The reason for some kind of union on the part of The two the laborers is evident. Capital is organized in great resources bodies. The individual laborer alone is in no position to of

working secure any advancement in wages, unless in times of

people great scarcity of labor, nor to secure any adequate protection from the risks of modern machines and from industrial disease unless the employer chances to be unusually farsighted or humane. The very organization of our business and industry in great corporations separates the owner from the workman and thus cuts off the natural ties of union which used to hold them together. There are two ways in which workmen have tried to even up their conditions. (a) By forming labor unions. (6) By forming a political party.

can.

The trade-unions are made up, for the most part, of

the more skilled workmen. They aim to secure better (a) Trade wages, shorter hours, and better conditions for workunions

ing, by making “ collective bargains." A collective bargain is one in which a representative of the union agrees with the employer on a general rate of wages for all the men who do the same kind of work, instead of allowing each workman to make the best terms he

In case the union has not been able to agree with the employer the chief reliance has frequently been a strike. When the employer has attempted to secure other workmen and go on with the business, there has frequently been violence. The root of the matter is, of course, that the workman cannot live very long without wages and often cannot turn to any other employment. Hence he becomes desperate when he sees himself in danger of losing not only his chance of increased pay, but his only means of livelihood, his “ job,” as well.

On the other hand, as unions become better organized and include more nearly all the workmen of a given trade, there is much less likely to be violence. Nevertheless within the past twenty-five years there have been many collisions between employers and workmen so serious as to cause great anxiety in the minds of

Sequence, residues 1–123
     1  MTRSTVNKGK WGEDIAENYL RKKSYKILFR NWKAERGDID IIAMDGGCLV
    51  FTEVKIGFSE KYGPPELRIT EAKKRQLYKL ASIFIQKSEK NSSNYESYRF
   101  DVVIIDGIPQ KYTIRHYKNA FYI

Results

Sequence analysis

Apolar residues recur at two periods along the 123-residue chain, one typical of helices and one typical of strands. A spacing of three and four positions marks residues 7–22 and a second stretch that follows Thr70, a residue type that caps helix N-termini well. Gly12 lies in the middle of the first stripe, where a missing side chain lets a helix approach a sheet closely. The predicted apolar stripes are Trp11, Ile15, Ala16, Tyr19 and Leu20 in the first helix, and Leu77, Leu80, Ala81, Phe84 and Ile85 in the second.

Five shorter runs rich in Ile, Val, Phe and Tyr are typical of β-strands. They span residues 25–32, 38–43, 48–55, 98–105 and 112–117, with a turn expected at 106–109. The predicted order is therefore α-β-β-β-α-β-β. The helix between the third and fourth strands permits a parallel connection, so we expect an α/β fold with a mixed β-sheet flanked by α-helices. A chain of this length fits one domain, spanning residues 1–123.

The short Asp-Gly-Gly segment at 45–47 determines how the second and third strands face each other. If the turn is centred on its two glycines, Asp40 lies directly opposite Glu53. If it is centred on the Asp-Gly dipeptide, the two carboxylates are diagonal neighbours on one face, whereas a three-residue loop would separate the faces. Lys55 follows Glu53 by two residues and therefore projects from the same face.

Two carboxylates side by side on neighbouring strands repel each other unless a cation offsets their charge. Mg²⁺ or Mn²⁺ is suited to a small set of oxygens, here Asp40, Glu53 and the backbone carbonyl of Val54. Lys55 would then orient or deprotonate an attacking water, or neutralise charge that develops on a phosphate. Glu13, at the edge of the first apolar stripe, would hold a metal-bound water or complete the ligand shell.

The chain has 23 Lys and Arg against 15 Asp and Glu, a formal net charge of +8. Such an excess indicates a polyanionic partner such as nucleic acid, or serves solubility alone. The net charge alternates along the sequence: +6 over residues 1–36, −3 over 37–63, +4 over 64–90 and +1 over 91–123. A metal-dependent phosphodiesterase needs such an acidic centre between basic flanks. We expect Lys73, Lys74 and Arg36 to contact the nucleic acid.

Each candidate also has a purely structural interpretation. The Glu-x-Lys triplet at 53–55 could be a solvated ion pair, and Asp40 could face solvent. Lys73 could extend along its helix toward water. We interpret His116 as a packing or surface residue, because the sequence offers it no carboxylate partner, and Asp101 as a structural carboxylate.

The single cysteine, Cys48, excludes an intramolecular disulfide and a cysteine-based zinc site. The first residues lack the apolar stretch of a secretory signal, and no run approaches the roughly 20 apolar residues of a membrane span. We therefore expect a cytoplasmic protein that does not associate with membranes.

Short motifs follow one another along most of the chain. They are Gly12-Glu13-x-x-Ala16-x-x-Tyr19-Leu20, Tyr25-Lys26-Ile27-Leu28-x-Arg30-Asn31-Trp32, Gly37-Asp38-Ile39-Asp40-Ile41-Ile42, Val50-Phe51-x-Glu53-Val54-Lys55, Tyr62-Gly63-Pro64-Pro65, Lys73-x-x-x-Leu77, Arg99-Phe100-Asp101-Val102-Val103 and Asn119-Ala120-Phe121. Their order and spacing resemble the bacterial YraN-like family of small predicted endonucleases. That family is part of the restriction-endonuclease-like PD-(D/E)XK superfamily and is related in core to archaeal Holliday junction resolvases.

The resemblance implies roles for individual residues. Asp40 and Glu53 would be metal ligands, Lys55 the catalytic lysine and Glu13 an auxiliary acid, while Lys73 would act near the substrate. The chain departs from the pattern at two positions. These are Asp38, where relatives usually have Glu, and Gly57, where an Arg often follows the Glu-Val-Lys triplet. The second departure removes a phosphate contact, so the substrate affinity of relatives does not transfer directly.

thoughtful men. (b) The

The other form of union which workingmen have political

adopted is the political party. This is not limited to party

skilled workmen but seeks to include all classes. Those who favor this plan claim that when Capital is fully organized in the great corporations, workingmen cannot hope to secure good conditions by bargaining. They claim that the capitalist always has an advantage because he is in no hurry to make a bargain, while the

workman cannot wait long. They claim further that strikes are less and less likely to succeed as Capital becomes more strongly organized. Hence they urge that the only way for the workingman to secure better conditions is through laws. And the only way to secure laws is through uniting in a political party. Some who hold this believe that there will never be a fair and just basis of work until the public manages all the great industries such as the telegraph, telephone, railroads, banks, and factories which make the necessaries of life. This has been the view of some in the Socialist Party. Many not in the Socialist Party do not think it is necessary for the state to own and manage all these industries but do believe that the state must regulate them.

The capitalist, on his side, was at first very reluctant Opposition to recognize the right of men to combine at all. He of often refused to deal with the unions and said he would capitalist deal with the men as individuals only. Some employers who took this position were sincere in thinking that this was a fair method. They wished to do what was right by the men. They simply did not realize that they had an enormous advantage. They did not appreciate that even if they wished to be fair, the workman might reasonably fear to complain of dangerous machinery, of long hours, or of low wages lest he be dismissed. The capitalist was apt to forget all this. Other employers might be less sincere. Many took the view that their business was their own and they might manage it as they pleased. They did not want any outsider coming in to tell them how they should conduct it.

It must be said also that some of the demands of unions have been irritating. In some unions there